Does Folsom Street Fair signal the death of leather?


On September 21, San Francisco will host the 30th annual Folsom Street Fair, the world’s largest gathering of leather, S&M, and fetish enthusiasts. An estimated 400,000 people—many sporting provocative outfits or simply parading naked—will meander up Folsom celebrating consensual, age-appropriate perversions. The Sunday fair is the capstone gathering of Leather Pride Week, with every night featuring a special deviant-themed event. 

Does the mass popularity of Folsom signal the “mainstreaming” of radical sex? Have once-identified “perversions” like homosexuality and fetishism been tamed by the marketplace? Does the acceptance of gay marriage in nearly two-dozen states—along with the institutionalization of such conventions as International Leatherman (ILM, Chicago) and the Mid-Atlantic Leather Association (MLA, Washington D.C.)—mark a turning point in radical sexual expression and experimentation?

Gayle Rubin, a radical feminist and associate professor of anthropology and women’s studies at the University of Michigan, has written extensively on San Francisco’s early gay S&M, leather, and fetish scenes. Her collected essays, Deviations: A Gayle Rubin Reader (2011), is not only a scholarly and participant-observer’s account of the scenes’ formation, but a humane reflection of a remarkable moment in America’s sexual history. 

Looking at the evolution of the radical gay sex scene, Rubin argues, “I don’t agree with the premise that somehow same sex marriage is correlated with a decline in sexual radicalism in general or leather and S&M in particular.”  She adds, “Nor do I think that the Folsom Fair is a straightforward barometer of the changes and/or health of the leather communities.”

Over the last three decades, the radical sex scene in San Francisco, New York, and throughout the country has fundamentally, and perhaps irreversibly, changed. The ‘60’s sexual revolution came to an end in 1984 when the human immunodeficiency virus (HIV) was identified as the cause of AIDS, the acquired immune deficiency syndrome. In a political struggle that bitterly divided San Francisco, city officials closed gay bathhouses as “menaces” to public health, facilitating unprotected sex. The fair started as the AIDS epidemic began to grip the city.

During the pre-AIDS days, the locus of gay sexual activity was the South of Market (SoMa) district, a down-on-its heels industrial neighborhood with working-class residents, dreary warehouses, and lots of gay bars and sex clubs.  Today, SoMa has been gentrified and, last year, the Mormon’s Marriott Hotels, along with American Airlines, were official sponsors of the Fair.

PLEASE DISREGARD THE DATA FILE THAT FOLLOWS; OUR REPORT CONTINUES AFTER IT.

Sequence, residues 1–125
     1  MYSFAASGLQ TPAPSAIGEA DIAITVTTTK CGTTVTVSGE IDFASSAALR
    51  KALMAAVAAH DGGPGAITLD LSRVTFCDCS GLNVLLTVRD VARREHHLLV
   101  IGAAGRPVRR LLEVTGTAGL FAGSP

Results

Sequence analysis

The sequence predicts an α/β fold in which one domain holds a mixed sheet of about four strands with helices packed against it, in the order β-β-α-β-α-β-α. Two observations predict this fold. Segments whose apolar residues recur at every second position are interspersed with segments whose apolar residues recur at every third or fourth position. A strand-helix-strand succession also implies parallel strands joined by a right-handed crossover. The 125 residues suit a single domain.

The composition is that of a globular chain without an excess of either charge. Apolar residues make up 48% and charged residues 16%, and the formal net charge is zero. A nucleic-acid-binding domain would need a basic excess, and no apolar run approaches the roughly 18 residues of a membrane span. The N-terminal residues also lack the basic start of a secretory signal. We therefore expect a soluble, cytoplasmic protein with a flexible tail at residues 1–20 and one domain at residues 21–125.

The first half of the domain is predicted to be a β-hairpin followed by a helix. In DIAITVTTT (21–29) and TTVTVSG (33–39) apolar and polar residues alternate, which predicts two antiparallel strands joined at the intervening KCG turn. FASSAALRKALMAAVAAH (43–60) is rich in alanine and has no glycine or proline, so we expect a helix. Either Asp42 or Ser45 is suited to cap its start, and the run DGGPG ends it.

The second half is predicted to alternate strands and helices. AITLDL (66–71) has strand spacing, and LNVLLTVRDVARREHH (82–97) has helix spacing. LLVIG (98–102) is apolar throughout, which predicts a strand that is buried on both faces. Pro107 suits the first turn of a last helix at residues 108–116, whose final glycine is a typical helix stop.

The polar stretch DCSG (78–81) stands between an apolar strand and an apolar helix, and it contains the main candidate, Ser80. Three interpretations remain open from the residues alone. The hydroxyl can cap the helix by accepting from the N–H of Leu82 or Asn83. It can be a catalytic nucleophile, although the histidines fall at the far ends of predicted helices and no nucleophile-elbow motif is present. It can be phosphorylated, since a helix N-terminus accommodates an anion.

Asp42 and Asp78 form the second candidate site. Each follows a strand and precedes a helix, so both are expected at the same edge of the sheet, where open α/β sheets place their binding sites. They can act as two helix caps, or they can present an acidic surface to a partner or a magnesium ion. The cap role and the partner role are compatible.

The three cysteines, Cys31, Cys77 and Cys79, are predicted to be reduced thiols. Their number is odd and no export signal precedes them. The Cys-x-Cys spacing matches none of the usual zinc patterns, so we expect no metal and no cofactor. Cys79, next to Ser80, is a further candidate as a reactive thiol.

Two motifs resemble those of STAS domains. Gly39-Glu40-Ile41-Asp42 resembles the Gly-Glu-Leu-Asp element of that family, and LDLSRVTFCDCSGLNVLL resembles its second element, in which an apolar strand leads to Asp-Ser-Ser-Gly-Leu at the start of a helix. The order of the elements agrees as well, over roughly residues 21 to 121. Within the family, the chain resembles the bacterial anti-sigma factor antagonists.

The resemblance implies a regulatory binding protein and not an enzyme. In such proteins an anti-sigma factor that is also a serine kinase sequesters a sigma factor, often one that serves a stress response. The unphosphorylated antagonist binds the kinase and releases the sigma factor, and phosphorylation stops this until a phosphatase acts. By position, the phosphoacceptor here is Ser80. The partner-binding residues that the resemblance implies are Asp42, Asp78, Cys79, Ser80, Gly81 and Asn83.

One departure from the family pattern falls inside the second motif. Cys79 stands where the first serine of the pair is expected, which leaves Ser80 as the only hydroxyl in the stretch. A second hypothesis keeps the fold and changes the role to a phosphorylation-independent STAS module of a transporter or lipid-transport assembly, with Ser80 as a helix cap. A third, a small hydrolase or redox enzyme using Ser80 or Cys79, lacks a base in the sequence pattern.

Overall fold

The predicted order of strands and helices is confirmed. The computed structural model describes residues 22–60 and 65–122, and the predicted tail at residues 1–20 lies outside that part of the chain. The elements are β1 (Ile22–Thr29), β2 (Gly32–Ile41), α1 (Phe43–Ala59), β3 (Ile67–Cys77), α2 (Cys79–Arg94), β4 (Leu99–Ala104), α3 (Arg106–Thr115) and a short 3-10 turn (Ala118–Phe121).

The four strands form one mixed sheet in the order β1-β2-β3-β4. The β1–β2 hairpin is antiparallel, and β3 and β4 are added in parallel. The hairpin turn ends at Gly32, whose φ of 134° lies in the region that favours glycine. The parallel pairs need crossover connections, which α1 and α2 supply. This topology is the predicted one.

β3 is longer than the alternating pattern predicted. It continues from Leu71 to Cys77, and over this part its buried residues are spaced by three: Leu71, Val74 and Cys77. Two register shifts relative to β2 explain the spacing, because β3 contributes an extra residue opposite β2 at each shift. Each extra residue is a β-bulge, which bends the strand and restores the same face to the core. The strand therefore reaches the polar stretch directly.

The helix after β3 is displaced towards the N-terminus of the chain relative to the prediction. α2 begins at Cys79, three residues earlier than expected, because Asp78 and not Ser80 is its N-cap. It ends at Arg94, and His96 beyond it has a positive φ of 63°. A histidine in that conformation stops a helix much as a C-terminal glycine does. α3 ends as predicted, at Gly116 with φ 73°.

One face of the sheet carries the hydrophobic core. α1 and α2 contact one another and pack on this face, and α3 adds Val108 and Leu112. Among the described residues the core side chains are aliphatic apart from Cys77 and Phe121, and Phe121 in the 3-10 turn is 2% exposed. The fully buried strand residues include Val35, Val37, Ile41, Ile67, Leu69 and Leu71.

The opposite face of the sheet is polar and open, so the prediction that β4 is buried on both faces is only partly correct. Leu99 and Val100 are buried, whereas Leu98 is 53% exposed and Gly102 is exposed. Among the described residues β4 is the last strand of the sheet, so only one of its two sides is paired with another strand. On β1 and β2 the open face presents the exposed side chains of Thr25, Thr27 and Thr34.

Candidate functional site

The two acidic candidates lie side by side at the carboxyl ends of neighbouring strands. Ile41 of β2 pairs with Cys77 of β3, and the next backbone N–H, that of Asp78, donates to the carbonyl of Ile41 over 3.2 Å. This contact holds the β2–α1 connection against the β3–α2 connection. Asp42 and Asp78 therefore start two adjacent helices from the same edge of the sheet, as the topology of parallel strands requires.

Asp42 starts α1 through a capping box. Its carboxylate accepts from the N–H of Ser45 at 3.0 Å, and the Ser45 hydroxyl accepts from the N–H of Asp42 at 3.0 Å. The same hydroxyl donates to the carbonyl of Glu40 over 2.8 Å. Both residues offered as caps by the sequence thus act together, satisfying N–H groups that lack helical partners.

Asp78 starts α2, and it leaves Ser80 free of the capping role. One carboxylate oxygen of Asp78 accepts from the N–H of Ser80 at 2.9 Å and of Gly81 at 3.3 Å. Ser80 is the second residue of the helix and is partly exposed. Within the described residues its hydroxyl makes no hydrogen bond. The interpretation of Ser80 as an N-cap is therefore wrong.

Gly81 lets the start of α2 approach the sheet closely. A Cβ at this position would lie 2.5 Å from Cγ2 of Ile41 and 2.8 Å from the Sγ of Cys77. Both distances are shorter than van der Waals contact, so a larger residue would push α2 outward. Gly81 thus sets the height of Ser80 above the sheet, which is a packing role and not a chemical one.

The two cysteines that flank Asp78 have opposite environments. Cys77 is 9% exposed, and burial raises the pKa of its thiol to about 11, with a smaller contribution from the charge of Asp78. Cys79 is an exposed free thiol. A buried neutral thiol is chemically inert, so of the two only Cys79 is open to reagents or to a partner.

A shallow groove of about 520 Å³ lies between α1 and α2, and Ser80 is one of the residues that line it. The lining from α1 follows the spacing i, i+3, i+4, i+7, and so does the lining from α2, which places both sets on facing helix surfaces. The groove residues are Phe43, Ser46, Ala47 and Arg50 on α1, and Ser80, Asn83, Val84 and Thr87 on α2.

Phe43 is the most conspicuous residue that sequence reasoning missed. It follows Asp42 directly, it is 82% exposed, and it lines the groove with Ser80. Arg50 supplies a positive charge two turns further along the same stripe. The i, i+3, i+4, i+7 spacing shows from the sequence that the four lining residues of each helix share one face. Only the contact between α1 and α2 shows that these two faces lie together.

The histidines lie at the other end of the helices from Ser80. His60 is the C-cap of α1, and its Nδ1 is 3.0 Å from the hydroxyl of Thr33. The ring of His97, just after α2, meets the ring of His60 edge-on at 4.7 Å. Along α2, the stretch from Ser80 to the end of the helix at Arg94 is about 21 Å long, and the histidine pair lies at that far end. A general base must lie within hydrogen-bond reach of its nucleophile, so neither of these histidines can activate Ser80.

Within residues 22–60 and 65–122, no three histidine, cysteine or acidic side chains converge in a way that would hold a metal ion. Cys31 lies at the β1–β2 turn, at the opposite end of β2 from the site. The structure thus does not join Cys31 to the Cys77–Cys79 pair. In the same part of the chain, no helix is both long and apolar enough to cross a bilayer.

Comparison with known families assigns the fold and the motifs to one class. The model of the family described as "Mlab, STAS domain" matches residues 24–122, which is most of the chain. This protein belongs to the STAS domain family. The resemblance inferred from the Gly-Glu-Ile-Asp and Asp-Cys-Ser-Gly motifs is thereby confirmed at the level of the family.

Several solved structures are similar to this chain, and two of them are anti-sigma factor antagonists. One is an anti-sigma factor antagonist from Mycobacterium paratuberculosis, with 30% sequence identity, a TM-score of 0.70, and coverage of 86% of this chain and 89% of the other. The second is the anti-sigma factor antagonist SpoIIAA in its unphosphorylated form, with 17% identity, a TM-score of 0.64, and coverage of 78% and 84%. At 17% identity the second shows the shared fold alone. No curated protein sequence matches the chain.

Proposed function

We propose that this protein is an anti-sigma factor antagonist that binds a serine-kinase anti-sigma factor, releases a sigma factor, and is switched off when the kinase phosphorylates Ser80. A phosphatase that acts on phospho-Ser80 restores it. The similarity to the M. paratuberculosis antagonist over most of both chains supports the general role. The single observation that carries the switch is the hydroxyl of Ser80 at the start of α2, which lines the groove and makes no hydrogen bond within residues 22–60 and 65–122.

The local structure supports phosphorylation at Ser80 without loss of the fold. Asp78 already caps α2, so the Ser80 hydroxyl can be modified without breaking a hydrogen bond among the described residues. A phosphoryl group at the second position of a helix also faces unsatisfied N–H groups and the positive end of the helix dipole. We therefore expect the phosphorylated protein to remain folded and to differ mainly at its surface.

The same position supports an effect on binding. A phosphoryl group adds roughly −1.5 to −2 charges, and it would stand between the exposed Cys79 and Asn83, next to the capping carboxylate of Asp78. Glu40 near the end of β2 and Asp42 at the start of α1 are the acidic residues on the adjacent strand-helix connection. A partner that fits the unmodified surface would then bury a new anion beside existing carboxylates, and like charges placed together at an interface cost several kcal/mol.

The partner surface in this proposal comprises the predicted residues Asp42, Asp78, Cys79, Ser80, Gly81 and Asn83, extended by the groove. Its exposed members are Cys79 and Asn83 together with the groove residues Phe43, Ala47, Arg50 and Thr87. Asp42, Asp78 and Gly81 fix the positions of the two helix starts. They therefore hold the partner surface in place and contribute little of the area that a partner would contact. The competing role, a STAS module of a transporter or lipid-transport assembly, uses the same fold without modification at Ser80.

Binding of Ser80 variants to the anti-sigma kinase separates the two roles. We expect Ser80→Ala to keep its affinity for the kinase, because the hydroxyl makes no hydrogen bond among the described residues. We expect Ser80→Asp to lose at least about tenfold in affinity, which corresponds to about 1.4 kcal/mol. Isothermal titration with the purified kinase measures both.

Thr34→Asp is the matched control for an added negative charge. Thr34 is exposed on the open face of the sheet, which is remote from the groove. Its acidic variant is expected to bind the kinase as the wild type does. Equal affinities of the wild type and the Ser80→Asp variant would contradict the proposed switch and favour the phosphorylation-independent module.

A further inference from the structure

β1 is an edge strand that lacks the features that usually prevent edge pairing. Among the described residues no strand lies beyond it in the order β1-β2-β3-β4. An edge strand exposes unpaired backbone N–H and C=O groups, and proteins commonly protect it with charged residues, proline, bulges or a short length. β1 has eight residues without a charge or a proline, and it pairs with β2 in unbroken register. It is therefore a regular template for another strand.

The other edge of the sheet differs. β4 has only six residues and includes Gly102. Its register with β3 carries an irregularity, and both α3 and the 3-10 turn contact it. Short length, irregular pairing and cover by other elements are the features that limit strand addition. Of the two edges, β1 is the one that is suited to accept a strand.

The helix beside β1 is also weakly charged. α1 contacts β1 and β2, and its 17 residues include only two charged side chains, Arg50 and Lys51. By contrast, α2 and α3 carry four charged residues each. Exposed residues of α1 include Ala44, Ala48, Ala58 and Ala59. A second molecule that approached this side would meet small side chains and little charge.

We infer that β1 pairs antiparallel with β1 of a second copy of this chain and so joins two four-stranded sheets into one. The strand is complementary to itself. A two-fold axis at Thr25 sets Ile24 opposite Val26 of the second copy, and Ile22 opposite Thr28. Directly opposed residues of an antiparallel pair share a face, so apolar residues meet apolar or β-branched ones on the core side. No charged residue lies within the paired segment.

In one of her most revealing essays, “The Catacombs: A Temple of the Butthole”, Rubin provides an illuminating analysis of the euphoric period of ecstatic hedonism that marked the pre-AIDS era. On March 21, 1980, a San Francisco sex club, the Catacombs, hosted what she found to be “the first time significant numbers of kinky gay men, lesbians, bisexuals, and heterosexuals partied together in the Bay Area.” It was principally a private male, gay, S&M leather sex club that gained an international reputation for fisting or “handballing.” The club was founded by Steve McEachern and opened in May 1975; it closed in August 1981 following McEachern’s sudden death from a heart attack. On that night, the ‘60’s sexual revolution reached its zenith—truly, anything was possible. 

Looking back, Rubin reflects, “While brick and mortar leather institutions have shrunk dramatically since the 1980s, I don’t think leather is dead or dying. Actually, it seems quite healthy.” She argues further, “Leather and gay institutions have faced many of the same challenges as have small local bookstores. Yet people aren’t reading less because so much of the brick and mortar retail book economy has disappeared.  Similarly, vanishing leather bars and loss of territory do not indicate a population collapse. Of course there have been many changes and there will continue to be.” 

If you attend this year’s Fair, you’ll be part of a “community” of (mostly) like-desiring, consenting adults. This community will be diverse, but will include a good number of middle-class, young, and middle-aged white women and men—gay, straight, and other. They’ll probably buy their fetish gear at retail outlets like Mr. S, hang out at semi-public clubs like the Citadel, and gather at private role-playing parties where almost anything goes.

Those strolling along Folsom Street will participate for a variety of reasons, but will likely do so without shame. Traditional forces of sexual repression, both legal and moral, are becoming a thing of the past.  

For those attending, as you wander through the mass of flesh, flirtations, and fetishes, try to assess whether the “mainstreaming” of the Folsom Fair is a sign of lessening moral repression or a sign of the further integration of sexual deviance into a marketplace indulgence. And does this signal a new phase of sexual freedom or repression?  


DAVID ROSEN regularly contributes to AlterNet, The Brooklyn Rail, Filmmaker, IndieWire and Salon. His website is, and he can be reached at

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